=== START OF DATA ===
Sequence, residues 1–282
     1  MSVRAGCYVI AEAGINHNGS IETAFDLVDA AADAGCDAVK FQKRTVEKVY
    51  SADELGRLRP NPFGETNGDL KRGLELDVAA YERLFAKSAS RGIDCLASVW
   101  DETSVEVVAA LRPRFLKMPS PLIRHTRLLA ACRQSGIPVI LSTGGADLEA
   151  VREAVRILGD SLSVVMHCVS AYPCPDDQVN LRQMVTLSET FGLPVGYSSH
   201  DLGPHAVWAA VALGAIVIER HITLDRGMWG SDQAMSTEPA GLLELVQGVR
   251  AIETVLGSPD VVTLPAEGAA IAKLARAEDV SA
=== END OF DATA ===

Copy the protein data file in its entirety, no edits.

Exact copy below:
Sequence, residues 1–282
     1  MSVRAGCYVI AEAGINHNGS IETAFDLVDA AADAGCDAVK FQKRTVEKVY
    51  SADELGRLRP NPFGETNGDL KRGLELDVAA YERLFAKSAS RGIDCLASVW
   101  DETSVEVVAA LRPRFLKMPS PLIRHTRLLA ACRQSGIPVI LSTGGADLEA
   151  VREAVRILGD SLSVVMHCVS AYPCPDDQVN LRQMVTLSET FGLPVGYSSH
   201  DLGPHAVWAA VALGAIVIER HITLDRGMWG SDQAMSTEPA GLLELVQGVR
   251  AIETVLGSPD VVTLPAEGAA IAKLARAEDV SA